By Bryon Hansen, Pastor of Phinney Ridge Lutheran Church in Seattle, WA
During Lent those in the catechumenal process enter into an intensive time of baptismal preparation. As guest blogger Bryon Hansen suggests, it’s a fitting time to reflect on the role of our faith symbols and signs. For more on PRLC’s catechumenate click here.
“Walking wet” is a phrase I’ve heard many times over the years. It was shorthand for living out our baptism. For me, it was a great image but seemed to be nothing more. I often wondered what it really looked like to walk wet. Was it simply a nice phrase or just one more concept for which I had to crack open some kind of “meaning?”
I think when we speak of walking wet we must return again and again to the primary signs and symbols through which God speaks to us and touches us. Otherwise the Christian faith can so easily fall into the realm of the abstract.
This is why we must be bold and even messy in our use of holy things. We drench people in water. We anoint them lavishly. We give lighted candles dripping with wax. We share a real loaf of bread and drink from a large cup. We receive water splashed on our bodies. Life in Christ touches the whole person – body, mind and spirit.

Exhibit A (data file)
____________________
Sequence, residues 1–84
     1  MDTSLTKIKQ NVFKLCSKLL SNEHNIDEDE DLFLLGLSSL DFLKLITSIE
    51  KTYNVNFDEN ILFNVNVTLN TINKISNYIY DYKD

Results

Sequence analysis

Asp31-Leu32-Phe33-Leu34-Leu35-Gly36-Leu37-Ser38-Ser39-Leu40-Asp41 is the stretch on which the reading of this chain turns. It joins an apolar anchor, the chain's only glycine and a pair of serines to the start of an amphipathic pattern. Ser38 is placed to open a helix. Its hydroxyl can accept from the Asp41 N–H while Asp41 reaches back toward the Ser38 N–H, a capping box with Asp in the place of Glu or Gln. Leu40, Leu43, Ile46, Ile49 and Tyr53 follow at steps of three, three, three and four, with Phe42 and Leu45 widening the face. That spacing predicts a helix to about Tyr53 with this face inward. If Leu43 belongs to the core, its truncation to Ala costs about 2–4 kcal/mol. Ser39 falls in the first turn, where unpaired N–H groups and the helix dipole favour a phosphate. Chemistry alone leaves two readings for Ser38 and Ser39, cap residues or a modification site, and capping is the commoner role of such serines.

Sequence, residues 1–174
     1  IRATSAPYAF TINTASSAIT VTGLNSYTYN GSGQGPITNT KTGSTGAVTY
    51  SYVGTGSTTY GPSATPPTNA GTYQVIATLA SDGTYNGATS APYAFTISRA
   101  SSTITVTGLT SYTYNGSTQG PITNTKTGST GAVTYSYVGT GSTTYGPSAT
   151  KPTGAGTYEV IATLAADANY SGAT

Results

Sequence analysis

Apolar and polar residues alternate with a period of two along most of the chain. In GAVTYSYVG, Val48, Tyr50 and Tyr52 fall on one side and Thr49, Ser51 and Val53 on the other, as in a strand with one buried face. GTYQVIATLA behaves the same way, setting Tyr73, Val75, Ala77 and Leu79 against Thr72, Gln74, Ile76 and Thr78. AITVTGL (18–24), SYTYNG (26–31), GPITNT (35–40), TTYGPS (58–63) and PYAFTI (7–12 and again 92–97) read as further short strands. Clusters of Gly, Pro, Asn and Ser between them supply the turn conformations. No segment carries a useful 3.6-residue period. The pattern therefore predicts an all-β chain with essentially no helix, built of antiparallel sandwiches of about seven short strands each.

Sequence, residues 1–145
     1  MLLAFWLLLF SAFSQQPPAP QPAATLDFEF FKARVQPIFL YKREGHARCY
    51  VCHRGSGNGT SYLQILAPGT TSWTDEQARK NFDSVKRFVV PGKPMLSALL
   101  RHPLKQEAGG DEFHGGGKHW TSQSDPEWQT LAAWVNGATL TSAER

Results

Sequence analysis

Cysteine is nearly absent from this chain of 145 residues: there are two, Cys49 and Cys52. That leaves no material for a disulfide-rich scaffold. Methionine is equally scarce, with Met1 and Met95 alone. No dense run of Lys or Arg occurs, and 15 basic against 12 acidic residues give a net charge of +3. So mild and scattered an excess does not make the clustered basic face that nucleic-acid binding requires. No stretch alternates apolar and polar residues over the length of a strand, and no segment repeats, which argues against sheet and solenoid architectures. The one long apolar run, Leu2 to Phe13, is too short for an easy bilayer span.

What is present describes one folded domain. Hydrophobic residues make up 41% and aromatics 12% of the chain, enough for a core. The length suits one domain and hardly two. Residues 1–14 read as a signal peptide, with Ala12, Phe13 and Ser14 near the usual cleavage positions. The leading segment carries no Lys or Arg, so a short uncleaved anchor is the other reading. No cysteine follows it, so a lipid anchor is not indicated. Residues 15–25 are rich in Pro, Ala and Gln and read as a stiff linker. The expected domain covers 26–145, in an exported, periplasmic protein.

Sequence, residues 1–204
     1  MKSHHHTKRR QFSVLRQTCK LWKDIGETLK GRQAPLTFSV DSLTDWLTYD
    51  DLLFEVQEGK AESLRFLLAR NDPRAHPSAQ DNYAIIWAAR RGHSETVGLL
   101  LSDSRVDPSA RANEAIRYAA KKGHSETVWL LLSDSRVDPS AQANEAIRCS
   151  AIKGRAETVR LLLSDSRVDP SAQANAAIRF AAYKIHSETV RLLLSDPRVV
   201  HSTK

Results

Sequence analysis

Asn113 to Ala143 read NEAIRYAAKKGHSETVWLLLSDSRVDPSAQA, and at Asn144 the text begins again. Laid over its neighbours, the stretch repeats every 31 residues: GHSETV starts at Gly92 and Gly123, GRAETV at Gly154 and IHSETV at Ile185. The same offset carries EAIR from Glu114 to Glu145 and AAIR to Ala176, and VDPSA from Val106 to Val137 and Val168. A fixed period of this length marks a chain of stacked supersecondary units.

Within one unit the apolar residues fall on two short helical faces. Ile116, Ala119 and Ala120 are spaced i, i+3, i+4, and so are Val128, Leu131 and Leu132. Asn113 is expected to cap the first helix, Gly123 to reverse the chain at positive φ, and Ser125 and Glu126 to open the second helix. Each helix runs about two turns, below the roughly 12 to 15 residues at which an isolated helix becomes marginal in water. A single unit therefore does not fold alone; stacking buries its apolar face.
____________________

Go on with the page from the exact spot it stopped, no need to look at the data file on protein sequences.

One of the big reasons I am such a proponent of the catechumenate is its engagement with the primary signs and symbols through which God touches us. We go deep with them in worship and through the catechumenate we reflect upon them as a primary means of discovering who we are and who God calls us to be.
The process of welcoming newcomers into our midst revolves around and points back again to God’s living word and life giving touch. In the catechumenate relationships are built, the Scripture is placed in the very center of reflection and prayer, the movement of the Spirit is honored, the Christian life is demonstrated in works of mercy, and the things of worship become real in everyday life. Participating in the catechumenate is less about concepts and much more about encountering the living God who chooses to touch us through holy things and holy people.
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